Raymond Sommer was born in Mouzon, in the French Ardennes, on August 31, 1906. Raymond is the son of Roger Sommer, one of the pioneers of French aviation in which he plays the dual role of aircraft builder and pilot. It is known that in 1909 Roger broke the record for the longest flight that belonged to the Wright brothers. In addition, the Sommer family owns a very successful carpet company in France and Europe. At first the young Raymond attended the schools of a small town in Lorraine, Pont-à-Mousson where he even became a successful boxer, only to be sent by his family to Manchester to study in England.
His dream, however, is to run, and in this sense he will be able to convince his father to buy him a Chrysler Imperial. His automotive career thus began in 1931, driving a 4.7-liter Chrysler, taking part in the IV Grand Prix de Picardie, and in the same year he achieved his first career success, imposing himself in the 24 Hours of Spa. In the same year, Sommer also takes part in the 24 Hours of Le Mans, but will be forced to retire. The following year he will buy an Alfa Romeo 8C, and with this he will be able to establish himself at Le Mans, sharing the steering wheel with Luigi Chinetti: the Ardennes Boar, this is his nickname, will drive for twenty of the twenty-four hours scheduled, due to the indisposition of Chinetti, who was ill, and even exhausted due to the long and tiring preparation for the French race. During the French race, after a long chase, Sommer overtook the twin car of Franco Cortese, only to be two laps behind it.
Three weeks later Raymond finished third at the Nice Grand Prix, behind Louis Chiron and Renè Dreyfus, and seven days later he won the Grand Prix de Marseille in Miramas, ahead of Nuvolari and Moll. In 1933 the French driver bought a Maserati 8CM, with which he won for the second time at Le Mans paired with Nuvolari, who had been the protagonist of a great duel with Chinetti for leadership. The following year Sommer still runs with a Maserati but the car is not up to the previous year, so he decides to change cars and go to the court of the Scuderia Ferrari, which provides him with an Alfa Romeo P3 with which he wins. the French races of Comminges and Monthlery. Sommer would like to compete on equal terms in the most prestigious endurance races, but realizes that Alfa is absolutely unable to compete against the very fast Mercedes and Auto Union.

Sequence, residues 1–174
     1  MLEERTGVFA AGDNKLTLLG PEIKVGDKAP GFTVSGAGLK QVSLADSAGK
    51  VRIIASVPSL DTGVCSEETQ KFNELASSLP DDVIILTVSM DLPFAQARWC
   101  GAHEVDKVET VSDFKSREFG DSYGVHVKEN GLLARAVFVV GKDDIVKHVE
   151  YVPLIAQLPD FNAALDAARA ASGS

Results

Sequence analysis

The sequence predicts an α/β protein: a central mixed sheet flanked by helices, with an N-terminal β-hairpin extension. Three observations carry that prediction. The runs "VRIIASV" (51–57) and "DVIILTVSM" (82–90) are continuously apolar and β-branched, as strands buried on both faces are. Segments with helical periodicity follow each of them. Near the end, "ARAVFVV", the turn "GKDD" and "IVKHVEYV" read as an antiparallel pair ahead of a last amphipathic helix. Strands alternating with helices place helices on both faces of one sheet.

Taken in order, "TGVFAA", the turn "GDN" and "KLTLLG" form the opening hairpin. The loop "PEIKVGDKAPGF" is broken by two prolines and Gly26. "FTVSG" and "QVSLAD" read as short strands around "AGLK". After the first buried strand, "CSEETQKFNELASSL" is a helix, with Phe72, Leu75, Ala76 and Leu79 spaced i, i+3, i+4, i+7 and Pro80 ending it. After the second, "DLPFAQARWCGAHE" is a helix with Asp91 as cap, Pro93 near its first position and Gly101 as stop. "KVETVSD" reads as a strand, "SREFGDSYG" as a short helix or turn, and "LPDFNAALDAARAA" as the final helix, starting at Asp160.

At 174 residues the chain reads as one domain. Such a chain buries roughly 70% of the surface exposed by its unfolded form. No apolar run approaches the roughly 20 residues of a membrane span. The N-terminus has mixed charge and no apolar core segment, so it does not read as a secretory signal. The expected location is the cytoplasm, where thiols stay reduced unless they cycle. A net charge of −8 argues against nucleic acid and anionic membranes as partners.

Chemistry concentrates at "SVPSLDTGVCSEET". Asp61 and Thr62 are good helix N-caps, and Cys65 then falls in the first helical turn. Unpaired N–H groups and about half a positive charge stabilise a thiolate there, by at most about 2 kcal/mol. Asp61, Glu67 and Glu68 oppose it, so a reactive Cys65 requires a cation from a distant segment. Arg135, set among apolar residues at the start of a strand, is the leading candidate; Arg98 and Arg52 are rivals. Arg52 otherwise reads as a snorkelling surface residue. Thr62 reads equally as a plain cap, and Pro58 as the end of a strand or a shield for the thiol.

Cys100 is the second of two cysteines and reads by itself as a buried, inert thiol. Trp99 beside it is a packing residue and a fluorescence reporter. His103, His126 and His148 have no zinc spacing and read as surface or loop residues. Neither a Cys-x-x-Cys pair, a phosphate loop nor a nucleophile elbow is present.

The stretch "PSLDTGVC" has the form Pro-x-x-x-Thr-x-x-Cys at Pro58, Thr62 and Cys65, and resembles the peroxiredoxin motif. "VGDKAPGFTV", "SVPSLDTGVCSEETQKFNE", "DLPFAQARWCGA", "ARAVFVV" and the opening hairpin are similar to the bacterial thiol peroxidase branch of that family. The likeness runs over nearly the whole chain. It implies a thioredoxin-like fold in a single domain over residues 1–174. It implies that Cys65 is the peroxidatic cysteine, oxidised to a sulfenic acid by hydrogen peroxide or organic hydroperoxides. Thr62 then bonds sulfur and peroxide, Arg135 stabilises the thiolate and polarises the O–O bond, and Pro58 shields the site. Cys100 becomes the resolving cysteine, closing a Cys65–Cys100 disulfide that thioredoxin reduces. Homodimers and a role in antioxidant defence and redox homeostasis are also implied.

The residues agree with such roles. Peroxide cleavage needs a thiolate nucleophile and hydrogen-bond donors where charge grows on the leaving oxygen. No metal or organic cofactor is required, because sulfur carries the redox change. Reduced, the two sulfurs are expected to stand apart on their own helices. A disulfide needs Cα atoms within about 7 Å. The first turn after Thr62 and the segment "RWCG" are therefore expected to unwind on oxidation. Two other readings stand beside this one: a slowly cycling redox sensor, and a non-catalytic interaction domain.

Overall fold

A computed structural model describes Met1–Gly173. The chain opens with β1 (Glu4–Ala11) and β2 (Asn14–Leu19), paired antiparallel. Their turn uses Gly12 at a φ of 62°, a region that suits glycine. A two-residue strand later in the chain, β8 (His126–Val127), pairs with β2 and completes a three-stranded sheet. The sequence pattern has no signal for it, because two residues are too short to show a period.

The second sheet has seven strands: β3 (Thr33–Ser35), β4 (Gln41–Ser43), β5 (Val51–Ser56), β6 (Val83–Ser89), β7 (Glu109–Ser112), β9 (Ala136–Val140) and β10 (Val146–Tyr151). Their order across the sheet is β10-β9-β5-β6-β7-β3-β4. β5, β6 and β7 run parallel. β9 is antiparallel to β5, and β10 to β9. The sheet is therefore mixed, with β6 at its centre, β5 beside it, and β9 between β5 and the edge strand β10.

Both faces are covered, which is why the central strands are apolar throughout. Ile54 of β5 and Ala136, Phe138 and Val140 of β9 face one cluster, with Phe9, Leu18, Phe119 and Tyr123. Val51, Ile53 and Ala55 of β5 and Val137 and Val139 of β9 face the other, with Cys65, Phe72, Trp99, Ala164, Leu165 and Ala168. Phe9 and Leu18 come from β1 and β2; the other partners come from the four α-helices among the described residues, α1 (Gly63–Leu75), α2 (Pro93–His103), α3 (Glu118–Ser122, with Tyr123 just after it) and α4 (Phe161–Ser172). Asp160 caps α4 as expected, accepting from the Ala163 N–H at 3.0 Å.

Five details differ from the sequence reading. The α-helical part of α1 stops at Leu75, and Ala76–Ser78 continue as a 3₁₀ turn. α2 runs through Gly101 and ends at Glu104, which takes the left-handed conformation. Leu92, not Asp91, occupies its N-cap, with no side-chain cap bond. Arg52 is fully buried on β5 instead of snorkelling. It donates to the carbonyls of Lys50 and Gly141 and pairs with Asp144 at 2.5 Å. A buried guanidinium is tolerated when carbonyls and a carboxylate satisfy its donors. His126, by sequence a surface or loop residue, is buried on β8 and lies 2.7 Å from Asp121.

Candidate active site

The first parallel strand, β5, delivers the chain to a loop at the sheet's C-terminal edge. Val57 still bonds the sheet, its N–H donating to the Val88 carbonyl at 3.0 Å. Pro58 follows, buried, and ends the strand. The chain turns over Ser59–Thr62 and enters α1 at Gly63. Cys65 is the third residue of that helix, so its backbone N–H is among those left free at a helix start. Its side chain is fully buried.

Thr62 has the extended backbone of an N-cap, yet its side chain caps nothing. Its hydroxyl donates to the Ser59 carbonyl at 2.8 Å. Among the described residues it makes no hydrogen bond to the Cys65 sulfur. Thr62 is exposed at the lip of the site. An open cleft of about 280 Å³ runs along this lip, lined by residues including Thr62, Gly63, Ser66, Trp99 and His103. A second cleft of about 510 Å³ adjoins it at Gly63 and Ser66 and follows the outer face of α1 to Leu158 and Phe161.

In 1936 Raymond won, paired with his longtime rival, Jean-Pierre Wimille, in the ACF Grand Prix driving a Bugatti T59, and for the second time at the 24 Hours of Spa. In 1937 the French driver switched to Talbot with the status of private driver, and on his first official exit he obtained a second place in Pau, to then win the Tunis and Marseille Grand Prix. Raymond attempts his third assault on the 24 Hours of Le Mans with Alfa, but the car betrays him ten laps after taking the lead of the race. Back at the wheel of the Talbot, the Frenchman won two fourth places at the Marne and French Grand Prix, becoming French champion. 1938 is his lui annus horribilis, since he is the victim of two retirements both at the 24 Hours of Le Mans, while he is in command of him, and at that of Spa, where he would have been largely in the lead; on both occasions, the Alfa 2900B will betray him.
During the short season of 1939, Sommer races with the Alfa 308 and is again champion of France, and in the meantime he will participate in other competitions before the interruption of the beginning of the world conflict, finishing second at the Grand Prix d'Anvers where he races with the Alfa Romeo 8C, racing privately at the fifteenth Grand Prix de Picardie with the Maserati 6CM where he finished second, and at the twelfth Grand Prix du Comminges St Gaudens with the Talbot MD90, finishing third at the finish.
Then World War II breaks out, and Raymond participates as an active member of the resistance. Once the conflict is over, the French driver returns for one last time at the wheel of his Alfa 308, obtaining a second place at the Gran Prix de Nice, before taking part in the second race of the Coupe de l'Entraide Française - Bois de Boulogne with the BMW 328, coming third; he will also be behind the wheel of the German car in the Formula 2 event, the fifth Grand Prix de Marseille, finishing it again in third place.
In 1947 Sommer returned to the wheel of a Maserati, but an illness kept him away from the racetracks for most of the year. Returning from convalescence, the French driver was called in by Ferrari in 1948, and in a Maranello car he made his debut at the Italian Grand Prix which takes place in Turin, in the setting of the Valentino Park. Raymond will remain with Ferrari until the middle of the 1949 racing season, before moving on to driving a 4.5-liter Talbot Lago; the best result of 1949 will be the victory at Monthlery.
Modern Formula 1 was born in 1950 and Raymond competed in the Monaco Grand Prix driving a Ferrari, obtaining an excellent fourth place. A few months later, on September 10, 1950, Raymond will take part in the Haute Garonne Grand Prix in Cadours but at the start of the race the steering of his car will suddenly break, causing the car to go off the road and roll over. Raymond thus loses his life, but the memory of his legendary victories still lives on today.